Within Judaism there are a variety of movements, most of which emerged from Rabbinic Judaism, which holds that God revealed his laws and commandments to Moses on Mount Sinai in the form of both the Written and Oral Torah. Historically, all or part of this assertion was challenged by various groups such as the Sadducees and Hellenistic Judaism during the Second Temple period; the Karaites and Sabbateans during the early and later medieval period; and among segments of the modern non-Orthodox denominations. Modern branches of Judaism such as Humanistic Judaism may be nontheistic. Today, the largest Jewish religious movements are Orthodox Judaism (Haredi Judaism and Modern Orthodox Judaism), Conservative Judaism, and Reform Judaism. Major sources of difference between these groups are their approaches to Jewish law, the authority of the Rabbinic tradition, and the significance of the State of Israel. Orthodox Judaism maintains that the Torah and Jewish law are divine in origin, eternal and unalterable, and that they should be strictly followed. Conservative and Reform Judaism are more liberal, with Conservative Judaism generally promoting a more traditionalist interpretation of Judaism's requirements than Reform Judaism. A typical Reform position is that Jewish law should be viewed as a set of general guidelines rather than as a set of restrictions and obligations whose observance is required of all Jews. Historically, special courts enforced Jewish law; today, these courts still exist but the practice of Judaism is mostly voluntary. Authority on theological and legal matters is not vested in any one person or organization, but in the sacred texts and the rabbis and scholars who interpret them.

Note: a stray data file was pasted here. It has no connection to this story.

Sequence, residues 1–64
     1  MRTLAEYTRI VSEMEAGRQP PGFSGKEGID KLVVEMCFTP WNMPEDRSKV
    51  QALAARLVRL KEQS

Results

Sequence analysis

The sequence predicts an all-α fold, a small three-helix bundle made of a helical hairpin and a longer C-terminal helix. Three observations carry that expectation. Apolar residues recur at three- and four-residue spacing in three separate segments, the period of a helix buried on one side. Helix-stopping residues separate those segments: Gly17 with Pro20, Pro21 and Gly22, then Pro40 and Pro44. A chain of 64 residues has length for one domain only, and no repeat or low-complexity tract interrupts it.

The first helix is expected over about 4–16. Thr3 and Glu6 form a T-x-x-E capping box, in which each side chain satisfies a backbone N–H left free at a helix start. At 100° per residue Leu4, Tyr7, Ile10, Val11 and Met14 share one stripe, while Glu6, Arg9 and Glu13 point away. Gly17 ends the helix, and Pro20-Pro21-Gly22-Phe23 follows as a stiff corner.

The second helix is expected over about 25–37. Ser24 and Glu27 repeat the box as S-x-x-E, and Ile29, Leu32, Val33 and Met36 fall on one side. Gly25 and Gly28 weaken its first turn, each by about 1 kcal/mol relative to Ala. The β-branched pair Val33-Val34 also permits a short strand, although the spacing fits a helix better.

Selected Article